Pluralistic Democracy, Theory of

The following article is from The Great Soviet Encyclopedia (1979). It might be outdated or ideologically biased.

Pluralistic Democracy, Theory of

 

a bourgeois reformist theory, according to which political power in the contemporary bourgeois state has become the “collective power” of many organizations and groups, such as entrepreneurs’ associations, the church, trade unions, political parties, and farmers’ organizations. As a result, according to the theory’s proponents, a universal, “plural” democracy is being established as a variety and specific form of “pure democracy.”

The rise of the theory of pluralistic democracy is associated with the increasing complexity of the political system under contemporary capitalism and with the sharpening of the class struggle. Under these conditions, the classical doctrine of the separation of powers has been replaced by the theory of institu-tionalism, which serves as the ideological basis for the theory of pluralistic democracy. Other sources of the theory of pluralistic democracy include bourgeois political scientists’ ideas concerning pressure groups and interest groups (A. Bentley), social reformist constructs about the “power of organizations” (K. Kautsky and J. Renard), and the “legal pluralism” of the American sociologist R. M. Maclver. Since World War II the most widely known adherents of the theory of pluralistic democracy have been G. Heckscher and S. Finer. The bourgeois reformist and right-wing socialist concepts of “countervailing forces,” the “diffusion of power,” and the splintering of sovereignty are related to the theory of pluralistic democracy.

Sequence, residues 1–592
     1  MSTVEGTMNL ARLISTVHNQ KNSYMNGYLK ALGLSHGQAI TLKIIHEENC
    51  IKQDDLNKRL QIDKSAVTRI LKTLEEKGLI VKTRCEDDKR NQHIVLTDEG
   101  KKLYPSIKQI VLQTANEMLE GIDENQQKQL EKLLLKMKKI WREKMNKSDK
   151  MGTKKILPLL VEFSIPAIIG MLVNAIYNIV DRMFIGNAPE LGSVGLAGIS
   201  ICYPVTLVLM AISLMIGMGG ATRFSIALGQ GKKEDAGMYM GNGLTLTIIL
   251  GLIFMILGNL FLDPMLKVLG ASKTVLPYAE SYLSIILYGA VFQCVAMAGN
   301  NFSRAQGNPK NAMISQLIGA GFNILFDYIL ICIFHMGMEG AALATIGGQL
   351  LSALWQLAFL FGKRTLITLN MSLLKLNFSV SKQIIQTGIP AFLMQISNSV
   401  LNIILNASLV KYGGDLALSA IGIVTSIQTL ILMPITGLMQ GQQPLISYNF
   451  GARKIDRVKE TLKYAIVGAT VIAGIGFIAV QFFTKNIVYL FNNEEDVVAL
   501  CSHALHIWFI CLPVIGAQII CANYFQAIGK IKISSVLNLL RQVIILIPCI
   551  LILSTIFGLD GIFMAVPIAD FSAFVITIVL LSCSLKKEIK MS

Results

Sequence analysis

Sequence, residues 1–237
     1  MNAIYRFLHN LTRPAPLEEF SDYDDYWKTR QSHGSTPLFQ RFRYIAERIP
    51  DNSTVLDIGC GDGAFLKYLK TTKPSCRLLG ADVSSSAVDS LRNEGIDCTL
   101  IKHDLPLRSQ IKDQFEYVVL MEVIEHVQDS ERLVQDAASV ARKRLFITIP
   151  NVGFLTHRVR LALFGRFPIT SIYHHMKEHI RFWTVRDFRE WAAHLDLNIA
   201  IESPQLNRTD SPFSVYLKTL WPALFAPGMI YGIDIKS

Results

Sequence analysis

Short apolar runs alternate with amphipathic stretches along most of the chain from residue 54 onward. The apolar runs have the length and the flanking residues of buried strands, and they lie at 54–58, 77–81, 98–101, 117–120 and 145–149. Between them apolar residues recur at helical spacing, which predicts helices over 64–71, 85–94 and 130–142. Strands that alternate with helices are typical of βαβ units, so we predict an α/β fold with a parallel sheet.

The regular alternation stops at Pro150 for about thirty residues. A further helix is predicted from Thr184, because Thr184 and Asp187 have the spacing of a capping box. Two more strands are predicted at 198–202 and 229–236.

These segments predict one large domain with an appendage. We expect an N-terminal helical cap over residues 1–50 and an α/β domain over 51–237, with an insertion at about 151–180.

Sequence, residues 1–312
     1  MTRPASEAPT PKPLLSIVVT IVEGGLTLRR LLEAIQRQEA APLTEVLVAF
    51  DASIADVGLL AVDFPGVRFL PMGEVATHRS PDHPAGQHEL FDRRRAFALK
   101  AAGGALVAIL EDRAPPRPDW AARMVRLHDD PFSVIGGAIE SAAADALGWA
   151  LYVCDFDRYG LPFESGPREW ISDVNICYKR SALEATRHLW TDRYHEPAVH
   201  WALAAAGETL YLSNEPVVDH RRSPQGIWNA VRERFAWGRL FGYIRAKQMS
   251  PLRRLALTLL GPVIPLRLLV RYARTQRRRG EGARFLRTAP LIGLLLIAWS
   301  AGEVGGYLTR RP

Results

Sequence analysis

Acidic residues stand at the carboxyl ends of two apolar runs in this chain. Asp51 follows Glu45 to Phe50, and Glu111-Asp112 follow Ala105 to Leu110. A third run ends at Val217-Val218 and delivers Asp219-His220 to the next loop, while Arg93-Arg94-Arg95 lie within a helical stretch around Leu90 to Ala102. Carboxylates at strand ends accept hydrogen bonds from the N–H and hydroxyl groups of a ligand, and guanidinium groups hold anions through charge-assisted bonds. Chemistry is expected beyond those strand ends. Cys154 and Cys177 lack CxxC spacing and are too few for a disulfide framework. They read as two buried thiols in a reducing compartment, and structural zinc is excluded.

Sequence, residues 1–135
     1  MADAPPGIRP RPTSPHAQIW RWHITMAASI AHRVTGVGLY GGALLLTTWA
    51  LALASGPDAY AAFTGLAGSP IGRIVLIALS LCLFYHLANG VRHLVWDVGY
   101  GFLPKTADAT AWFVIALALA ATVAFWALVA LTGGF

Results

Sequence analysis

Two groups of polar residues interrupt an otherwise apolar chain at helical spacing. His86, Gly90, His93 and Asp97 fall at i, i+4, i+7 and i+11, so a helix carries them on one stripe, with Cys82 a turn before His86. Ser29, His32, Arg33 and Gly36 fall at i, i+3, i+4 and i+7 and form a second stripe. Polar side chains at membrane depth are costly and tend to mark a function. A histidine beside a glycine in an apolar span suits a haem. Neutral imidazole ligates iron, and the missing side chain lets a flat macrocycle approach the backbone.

In reality, the political power (dictatorship) of the monopolistic bourgeoisie is unitary, even though it is exercised through various channels (the power of the state, the influence of the bourgeois political parties, and the activities of entrepreneurs’ associations and the church). The struggle of the working class and other strata of the working people has some influence on the policies of the ruling circles, but under capitalism, working-class organizations never share in state power.

In its treatment of the socialist political system, the theory of pluralistic democracy shows an anticommunist bias. The theory, which is in general characterized by eclecticism, is an attempted criticism of historical materialism’s monistic conception of political power and the state.

The Great Soviet Encyclopedia, 3rd Edition (1970-1979). © 2010 The Gale Group, Inc. All rights reserved.